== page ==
You already knew that you could surf and check e-mail in several airports, but what about while you’re in the air itself? You can’t use a cell-phone. If you did connect, you’d connect to every tower in your line of sight and a few minutes of checking e-mail could cost several thousand dollars. You could call your regular ISP from a seat-back phone, but that costs $3 a minute and the connection is only 10 Kb/s.
Now there’s a solution, from Tenzing Communications, which will be both faster and less expensive than the seat-back phones. There are several different configurations of the system and only some of these would work with Pocket PCs.
Like some of the early earth-bound wireless systems, it doesn’t work with AOL, web-mail, and many e-mail systems. It offers only a small selection of pre-loaded web sites and is available on only a few airlines. It does, however, support Microsoft Exchange. The system is actually a local area network and server that relays passenger requests to the Internet on the ground via radio.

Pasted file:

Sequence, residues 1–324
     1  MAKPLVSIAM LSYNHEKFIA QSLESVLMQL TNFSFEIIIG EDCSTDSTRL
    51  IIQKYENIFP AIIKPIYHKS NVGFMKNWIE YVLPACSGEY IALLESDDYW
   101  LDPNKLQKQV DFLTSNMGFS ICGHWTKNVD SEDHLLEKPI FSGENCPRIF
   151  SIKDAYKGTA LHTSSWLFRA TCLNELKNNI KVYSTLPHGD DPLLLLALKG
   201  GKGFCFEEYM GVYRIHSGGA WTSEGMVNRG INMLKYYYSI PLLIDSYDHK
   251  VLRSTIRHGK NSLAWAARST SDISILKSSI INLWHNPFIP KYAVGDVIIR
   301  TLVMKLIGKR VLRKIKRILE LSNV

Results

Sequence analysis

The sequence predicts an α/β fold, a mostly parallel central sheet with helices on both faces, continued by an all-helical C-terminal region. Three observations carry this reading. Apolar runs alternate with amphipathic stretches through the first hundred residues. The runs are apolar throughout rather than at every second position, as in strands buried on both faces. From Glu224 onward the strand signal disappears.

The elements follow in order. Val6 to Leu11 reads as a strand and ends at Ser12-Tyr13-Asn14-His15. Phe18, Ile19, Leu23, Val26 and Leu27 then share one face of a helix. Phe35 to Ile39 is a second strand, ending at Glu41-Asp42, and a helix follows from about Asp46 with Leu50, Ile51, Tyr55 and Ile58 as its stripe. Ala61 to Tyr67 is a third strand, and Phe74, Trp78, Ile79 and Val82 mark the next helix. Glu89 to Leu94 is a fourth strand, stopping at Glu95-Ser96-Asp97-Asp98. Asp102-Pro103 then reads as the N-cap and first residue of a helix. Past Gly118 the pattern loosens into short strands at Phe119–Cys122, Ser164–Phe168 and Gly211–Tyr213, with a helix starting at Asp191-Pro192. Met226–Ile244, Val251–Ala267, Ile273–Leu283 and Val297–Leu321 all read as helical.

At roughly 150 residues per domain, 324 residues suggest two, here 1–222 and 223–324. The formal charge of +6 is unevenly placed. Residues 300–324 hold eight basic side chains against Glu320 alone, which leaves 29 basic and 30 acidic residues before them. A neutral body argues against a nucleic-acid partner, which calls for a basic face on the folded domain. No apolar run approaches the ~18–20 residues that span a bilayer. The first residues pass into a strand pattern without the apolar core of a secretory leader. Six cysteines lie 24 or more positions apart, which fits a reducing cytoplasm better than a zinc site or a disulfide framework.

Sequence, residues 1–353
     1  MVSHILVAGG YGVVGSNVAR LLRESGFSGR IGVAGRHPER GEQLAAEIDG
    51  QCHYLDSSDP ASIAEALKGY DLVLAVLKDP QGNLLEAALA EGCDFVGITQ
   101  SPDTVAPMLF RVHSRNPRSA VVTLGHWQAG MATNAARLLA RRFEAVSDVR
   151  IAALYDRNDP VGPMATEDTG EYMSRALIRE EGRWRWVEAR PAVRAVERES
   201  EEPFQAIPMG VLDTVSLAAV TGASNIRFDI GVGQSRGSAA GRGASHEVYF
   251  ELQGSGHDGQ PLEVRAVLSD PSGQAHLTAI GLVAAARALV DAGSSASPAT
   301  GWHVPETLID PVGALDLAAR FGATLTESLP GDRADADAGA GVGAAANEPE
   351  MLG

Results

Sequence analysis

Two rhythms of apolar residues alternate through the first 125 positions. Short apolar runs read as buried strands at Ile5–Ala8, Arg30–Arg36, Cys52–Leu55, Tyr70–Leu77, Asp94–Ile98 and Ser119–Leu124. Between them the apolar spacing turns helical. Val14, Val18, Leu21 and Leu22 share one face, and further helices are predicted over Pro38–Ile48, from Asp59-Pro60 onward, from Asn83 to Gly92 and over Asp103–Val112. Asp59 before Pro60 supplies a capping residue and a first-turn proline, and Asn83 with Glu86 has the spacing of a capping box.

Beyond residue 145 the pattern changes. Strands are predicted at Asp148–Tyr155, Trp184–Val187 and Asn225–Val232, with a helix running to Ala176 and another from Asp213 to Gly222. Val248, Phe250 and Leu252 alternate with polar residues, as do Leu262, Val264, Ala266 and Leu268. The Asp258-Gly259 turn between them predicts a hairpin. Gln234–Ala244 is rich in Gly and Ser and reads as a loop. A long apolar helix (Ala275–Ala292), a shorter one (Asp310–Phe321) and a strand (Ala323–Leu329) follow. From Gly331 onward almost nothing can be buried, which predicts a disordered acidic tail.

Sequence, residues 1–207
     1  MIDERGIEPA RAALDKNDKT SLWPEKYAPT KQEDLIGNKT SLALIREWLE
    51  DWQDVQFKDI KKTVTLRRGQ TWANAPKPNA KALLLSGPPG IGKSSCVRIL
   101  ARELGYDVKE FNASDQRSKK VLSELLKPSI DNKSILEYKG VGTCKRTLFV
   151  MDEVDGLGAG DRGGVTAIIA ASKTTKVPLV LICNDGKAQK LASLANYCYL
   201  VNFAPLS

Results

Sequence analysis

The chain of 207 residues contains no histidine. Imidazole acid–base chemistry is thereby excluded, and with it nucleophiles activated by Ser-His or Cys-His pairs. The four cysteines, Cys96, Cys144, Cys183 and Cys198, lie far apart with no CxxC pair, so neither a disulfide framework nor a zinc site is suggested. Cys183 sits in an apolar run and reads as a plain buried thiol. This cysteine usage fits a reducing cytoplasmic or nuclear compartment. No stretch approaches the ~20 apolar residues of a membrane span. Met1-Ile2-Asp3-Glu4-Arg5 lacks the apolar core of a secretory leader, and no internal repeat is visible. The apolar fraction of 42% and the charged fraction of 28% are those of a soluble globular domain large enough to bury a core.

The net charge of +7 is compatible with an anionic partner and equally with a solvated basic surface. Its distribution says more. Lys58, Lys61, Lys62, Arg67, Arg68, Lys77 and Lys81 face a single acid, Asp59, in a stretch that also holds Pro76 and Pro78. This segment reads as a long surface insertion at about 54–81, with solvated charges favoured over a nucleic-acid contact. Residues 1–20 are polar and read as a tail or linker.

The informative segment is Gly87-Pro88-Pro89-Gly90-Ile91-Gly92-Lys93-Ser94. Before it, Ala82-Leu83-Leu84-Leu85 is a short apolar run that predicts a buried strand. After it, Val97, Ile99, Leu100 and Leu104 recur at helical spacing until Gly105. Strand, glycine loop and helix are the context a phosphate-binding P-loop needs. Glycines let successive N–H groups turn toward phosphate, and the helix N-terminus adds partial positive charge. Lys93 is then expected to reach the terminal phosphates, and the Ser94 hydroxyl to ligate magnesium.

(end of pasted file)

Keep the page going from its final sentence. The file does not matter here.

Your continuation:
One configuration of the Tenzing system uses a 56K modem and a phone line to connect to the network. There is software provided but you can also hook up by creating a dial-up networking connection like you’d use to dial up an ISP from home. You can even use Pocket InBox as it is. No new settings are required. Other configurations use a USB connection to the network. Still others use an 802.11b wireless connection that could work with an 802.11 enabled Pocket PC.
Checking e-mail is a two-step process. First, you request your e-mail, which prompts the server to load it from the ground. That can take several minutes because it takes place at the same speed as it would on the seat-back phone. The thing is that you don’t have to wait for it. You simply quit and request the mail later. The system will have uploaded it by then and it will be available at the speed of the network.
The pricing on the Tenzing system isn’t finalized yet but they estimate it will run about $5-$20 to download up to 500KB. The pricing is based on bandwidth.
While a number of carriers are adding the Tenzing system and counting on upgrading when faster communications are available, Boeing is already talking to carriers about Connexion, a satellite-based broadband service which should be available in 2002. Connexion will allow real-time internet access.